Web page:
For the beginning of the 2024 gallery season, we are delighted to present the exhibition COMFORT by Daisy Smith (1995, UK), with special guest George Seamus McGoldrick (1995, UK). The show will draw together a series of works across the mediums of film and drawing.
Daisy Smith works from a personal archive in which family members, friends and former living situations are positioned within a backdrop of wider social contexts.
Evangeline Dobbs, played here by two Amsterdammers and my mum, traverses night shifts, workplace reviews, environmental change, national borders and physical discomfort in her quest to make an honest* living. Her son, training for a war that never arrives, takes advantage of the time afforded to him by her developed routines.
*For the past two years I have been working part-time as a cleaner in Amsterdam. As an artist my work is materially realised by the work I do outside of the studio. Comfort was my first film to be financially supported by a foundation in conjunction with the income I make from waged labour. In the past money for artworks have been derived from working in a school, a care home, on an ice cream van, as a tour guide and a waitress. In Amsterdam this has taken the form of cleaning houses, and when back in the UK maintaining the coal and wood fires for an old museum. A great deal of the footage in Comfort was shot in these areas of work.
Comfort was produced with support from the Dommering Foundation. This work was also supported by the Grachten Museum, Museum Ons’ Lieve Heer op Solder and Dennis Severs House, who provided filming locations.
I started developing these drawings when I was working night shifts in a care home during the pandemic. There is a question around the bodily vulnerability of shift work that resonates with the apparent ‘labour registers’ in my drawings - how regimented or compressed they can be but also how they smudge and bear marks from the sweat of my hands. Folds in paper and layers of marks document the time spent with them. Most of the titles reference institutional workplaces and their inhabitants.
The drawings were fabricated with support from Niemeijer Fonds and Amarte Fonds.
George Seamus McGoldrick
George Seamus McGoldrick is an artist working with drawing and sculpture, currently based in Oslo.
Starter Packs, 2023
Part of a continuing series of work titled Starter Packs which reference the artistic starter packs you can buy for children. These packs offer every tool possible to the artistic child; paints, pens, pencils, crayons etc… there is no need to look beyond this offering. The custom moulded containers which hold these tools are rendered useless as and when the paints, pens or tools are either used up or lost, both of which seem to happen incredibly quickly.
The drawings document the offered products of an imagined camera backpack manufacturer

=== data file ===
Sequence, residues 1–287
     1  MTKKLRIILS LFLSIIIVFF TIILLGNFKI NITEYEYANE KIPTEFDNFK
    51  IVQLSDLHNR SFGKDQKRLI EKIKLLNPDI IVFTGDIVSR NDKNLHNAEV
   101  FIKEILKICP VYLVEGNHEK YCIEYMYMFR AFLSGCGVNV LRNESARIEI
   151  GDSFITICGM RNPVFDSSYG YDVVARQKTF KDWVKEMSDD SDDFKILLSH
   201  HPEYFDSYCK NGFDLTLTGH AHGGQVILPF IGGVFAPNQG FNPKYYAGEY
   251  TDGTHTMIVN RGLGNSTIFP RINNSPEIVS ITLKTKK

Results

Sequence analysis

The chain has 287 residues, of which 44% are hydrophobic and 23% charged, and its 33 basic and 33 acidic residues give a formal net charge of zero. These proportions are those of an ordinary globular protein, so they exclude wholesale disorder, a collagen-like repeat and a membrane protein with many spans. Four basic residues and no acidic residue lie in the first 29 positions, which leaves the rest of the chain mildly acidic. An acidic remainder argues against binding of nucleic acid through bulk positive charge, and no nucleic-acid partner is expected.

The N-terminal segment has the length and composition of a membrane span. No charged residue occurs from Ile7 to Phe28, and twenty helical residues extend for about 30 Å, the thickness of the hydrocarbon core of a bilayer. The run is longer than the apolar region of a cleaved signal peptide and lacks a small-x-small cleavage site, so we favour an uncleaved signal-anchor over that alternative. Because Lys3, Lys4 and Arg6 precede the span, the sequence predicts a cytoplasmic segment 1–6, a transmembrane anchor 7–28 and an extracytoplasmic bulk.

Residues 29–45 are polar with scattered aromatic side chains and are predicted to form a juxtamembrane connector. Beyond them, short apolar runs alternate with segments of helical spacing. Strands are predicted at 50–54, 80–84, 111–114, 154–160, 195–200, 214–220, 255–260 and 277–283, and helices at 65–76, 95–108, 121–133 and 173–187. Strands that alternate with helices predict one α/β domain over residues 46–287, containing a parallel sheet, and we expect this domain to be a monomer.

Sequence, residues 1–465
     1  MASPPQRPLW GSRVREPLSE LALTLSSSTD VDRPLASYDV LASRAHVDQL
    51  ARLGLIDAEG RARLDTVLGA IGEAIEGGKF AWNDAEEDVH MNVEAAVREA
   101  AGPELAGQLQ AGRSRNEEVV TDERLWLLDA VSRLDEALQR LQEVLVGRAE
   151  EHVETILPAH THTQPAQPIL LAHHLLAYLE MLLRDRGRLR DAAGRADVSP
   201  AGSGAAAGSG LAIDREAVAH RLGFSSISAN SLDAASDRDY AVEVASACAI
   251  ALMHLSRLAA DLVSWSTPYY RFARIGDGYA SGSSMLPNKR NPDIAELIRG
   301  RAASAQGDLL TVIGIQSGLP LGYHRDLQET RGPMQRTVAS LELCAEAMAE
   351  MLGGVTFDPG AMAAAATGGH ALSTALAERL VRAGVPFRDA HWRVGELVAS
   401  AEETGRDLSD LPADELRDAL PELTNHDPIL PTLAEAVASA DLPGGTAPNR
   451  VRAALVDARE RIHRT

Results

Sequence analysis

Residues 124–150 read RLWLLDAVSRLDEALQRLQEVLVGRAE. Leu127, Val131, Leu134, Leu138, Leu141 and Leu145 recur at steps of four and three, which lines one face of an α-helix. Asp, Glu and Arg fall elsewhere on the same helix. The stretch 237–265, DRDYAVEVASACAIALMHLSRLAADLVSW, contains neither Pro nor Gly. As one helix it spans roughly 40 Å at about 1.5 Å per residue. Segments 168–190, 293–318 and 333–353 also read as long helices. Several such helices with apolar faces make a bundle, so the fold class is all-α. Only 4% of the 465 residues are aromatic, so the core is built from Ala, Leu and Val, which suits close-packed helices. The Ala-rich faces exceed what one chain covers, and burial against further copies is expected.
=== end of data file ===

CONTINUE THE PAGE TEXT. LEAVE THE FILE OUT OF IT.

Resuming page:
whose bags vary in tartan linings and increased pocket spaces. The tartan fabric linings are used by the backpack company to humanise their merchandise, drawing on the generally believed misnomer in the UK that Scottish surnames or ‘clans’ have their own tartan fabric that is traditional to their family name. In fact this was just a marketing technique dreamt up by Victorian cloth makers to sell more fabric. Like the artistic starter pack, it attempts to remove choice, not by offering you everything, but by making a link to an idea of your individual ancestry.
Time Team, Phil Harding, Waddon, Dorset, 2000, 2024
Time Team, Phil Harding, Waddon, Dorset, 2000 is a colour pencil drawing of a still from an archaeological programme titled Time Team. The image shows Phil Harding pointing to some stones embedded in the floor that don’t look like much but mark the wall of an iron age round house. This is typical of the programme, there is very little found in the way of gold, silver, jewels etc… and in watching you come to realise that the real interest lies in these seemingly empty patches of ground. Similarly to Daisy’s drawings, the programme had an interest in visualising the stratigraphy of time passing with a particular interest in the people and possessions that become truncated within their individual context and time.
The Burrow, 2022
The Burrow takes its title from Franz Kafka’s short story in which a mole is caused crippling anxiety by the elaborate labyrinth of tunnels that it carves and lives within. The mole becomes obsessed with creating the safest burrow possible - so much so that he begins to derive more satisfaction from simply looking at the burrow from outside of its confines, watching how safe he would be were he in it.
The drawing depicts the workbench of a man named Jason who lives as a viking in rural England. He has also created a burrow for himself to live within, one no less elaborate or fantastical than the moles.